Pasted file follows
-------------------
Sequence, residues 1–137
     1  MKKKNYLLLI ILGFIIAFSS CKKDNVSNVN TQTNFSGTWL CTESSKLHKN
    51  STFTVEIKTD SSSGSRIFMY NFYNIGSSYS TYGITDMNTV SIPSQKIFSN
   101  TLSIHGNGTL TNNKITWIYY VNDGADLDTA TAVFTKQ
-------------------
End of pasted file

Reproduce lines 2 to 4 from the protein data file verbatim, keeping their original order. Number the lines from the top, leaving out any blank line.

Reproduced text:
     1  MKKKNYLLLI ILGFIIAFSS CKKDNVSNVN TQTNFSGTWL CTESSKLHKN
    51  STFTVEIKTD SSSGSRIFMY NFYNIGSSYS TYGITDMNTV SIPSQKIFSN
   101  TLSIHGNGTL TNNKITWIYY VNDGADLDTA TAVFTKQ